Many comb honey producers use smoke sparingly and some forgo it altogether. In Honey in the Comb, Killion notes that “Heavy smoking may cause soot particles to adhere to the surface of freshly capped comb.”
Heavily smoked bees may also rip open capped cells in order to scarf down honey reserves quickly. I’ve seen smoked bees open a half-dozen cells in one square section. That may not seem like a lot, but when you are trying to produce perfect comb, it can be heartbreaking.
In addition, some folks can definitely detect a smoky odor in combs that have been smoked. This varies with individuals, and some are much more sensitive to it than others. Recently a beekeeper told me that his parents’ comb honey always smelled like smoke. Even if you don’t notice it, others may.
So my advice with smoke is simple: if you must use smoke to harvest comb honey, do it with a light touch. Use as little as possible, as infrequently as possible.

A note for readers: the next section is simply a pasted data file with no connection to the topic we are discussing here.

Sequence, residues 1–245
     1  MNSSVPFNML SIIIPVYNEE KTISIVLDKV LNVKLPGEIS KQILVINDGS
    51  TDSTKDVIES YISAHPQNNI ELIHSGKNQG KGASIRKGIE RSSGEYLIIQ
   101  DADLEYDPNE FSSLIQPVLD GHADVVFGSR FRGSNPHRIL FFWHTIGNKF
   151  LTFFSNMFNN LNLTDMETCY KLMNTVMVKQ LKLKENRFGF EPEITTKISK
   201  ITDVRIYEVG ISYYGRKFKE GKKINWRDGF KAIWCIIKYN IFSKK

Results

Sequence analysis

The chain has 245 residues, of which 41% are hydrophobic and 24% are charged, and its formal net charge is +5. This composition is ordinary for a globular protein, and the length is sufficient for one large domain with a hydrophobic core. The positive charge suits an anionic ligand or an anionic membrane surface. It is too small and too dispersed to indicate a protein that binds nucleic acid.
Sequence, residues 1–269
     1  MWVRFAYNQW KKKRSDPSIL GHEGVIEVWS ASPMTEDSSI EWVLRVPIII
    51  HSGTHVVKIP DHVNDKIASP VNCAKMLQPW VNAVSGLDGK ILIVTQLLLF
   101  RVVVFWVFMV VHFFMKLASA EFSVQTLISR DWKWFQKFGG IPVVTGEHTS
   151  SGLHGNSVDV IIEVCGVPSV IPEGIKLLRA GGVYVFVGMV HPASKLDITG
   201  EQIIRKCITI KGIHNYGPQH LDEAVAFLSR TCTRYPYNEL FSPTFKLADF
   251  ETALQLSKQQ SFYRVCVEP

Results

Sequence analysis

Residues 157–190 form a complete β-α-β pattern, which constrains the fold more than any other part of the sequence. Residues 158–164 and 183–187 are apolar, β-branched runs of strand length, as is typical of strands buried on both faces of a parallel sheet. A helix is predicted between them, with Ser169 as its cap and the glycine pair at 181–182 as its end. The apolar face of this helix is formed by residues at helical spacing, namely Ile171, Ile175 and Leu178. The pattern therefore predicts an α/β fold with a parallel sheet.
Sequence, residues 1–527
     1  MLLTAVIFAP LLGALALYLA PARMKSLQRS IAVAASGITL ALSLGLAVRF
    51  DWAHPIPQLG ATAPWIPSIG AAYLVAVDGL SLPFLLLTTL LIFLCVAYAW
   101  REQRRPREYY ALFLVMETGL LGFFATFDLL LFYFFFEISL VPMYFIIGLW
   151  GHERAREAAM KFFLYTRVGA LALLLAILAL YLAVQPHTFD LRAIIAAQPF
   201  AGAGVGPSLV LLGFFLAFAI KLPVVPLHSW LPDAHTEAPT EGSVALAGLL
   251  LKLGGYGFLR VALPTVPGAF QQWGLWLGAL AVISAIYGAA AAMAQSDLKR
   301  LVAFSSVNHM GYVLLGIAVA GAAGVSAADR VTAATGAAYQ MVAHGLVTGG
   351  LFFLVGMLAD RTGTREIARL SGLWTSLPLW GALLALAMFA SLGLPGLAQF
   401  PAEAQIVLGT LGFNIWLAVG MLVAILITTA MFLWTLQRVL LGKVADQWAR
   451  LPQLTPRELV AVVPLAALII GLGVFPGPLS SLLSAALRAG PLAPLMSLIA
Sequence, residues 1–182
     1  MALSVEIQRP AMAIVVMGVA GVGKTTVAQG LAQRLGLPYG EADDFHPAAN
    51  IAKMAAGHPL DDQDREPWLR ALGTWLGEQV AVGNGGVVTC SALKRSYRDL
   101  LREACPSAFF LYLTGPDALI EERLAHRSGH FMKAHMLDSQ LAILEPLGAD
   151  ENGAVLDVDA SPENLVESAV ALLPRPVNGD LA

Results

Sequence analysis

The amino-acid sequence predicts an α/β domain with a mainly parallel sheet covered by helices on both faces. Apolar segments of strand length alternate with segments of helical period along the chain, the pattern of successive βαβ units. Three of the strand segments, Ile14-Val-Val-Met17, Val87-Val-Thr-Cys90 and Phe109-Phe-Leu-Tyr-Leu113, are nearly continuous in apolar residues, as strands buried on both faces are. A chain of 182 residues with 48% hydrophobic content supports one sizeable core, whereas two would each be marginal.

In my opinion, products such as Bee Go, Bee-Quick, and BeeDun should be avoided as well. Bee Go is made of butyric anhydride, has a nasty smell, and is both toxic and corrosive. The latter two use herbal extracts and essential oils to repel bees, but because they are oil-based compounds, they can taint the wax combs. Water-based honey will not readily absorb the odor from these products, but beeswax can. Much better to use an escape board and a little patience. Good things are worth the wait.